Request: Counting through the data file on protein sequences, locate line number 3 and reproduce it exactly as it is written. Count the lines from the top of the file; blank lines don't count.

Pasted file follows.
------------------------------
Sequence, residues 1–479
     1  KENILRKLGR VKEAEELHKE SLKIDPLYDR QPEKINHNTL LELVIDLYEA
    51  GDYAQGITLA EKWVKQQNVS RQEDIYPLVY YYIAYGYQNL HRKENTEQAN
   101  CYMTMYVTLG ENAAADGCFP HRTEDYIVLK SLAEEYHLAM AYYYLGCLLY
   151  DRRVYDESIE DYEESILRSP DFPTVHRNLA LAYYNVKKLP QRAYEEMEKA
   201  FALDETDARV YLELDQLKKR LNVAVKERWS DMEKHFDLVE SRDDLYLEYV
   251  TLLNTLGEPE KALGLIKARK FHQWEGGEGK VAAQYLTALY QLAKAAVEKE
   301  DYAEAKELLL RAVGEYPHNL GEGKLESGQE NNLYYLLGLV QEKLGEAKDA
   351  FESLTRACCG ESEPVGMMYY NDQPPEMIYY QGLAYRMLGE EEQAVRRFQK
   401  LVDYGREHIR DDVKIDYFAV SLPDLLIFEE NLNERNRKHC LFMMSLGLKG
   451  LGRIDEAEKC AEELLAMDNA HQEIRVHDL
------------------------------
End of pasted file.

    51  GDYAQGITLA EKWVKQQNVS RQEDIYPLVY YYIAYGYQNL HRKENTEQAN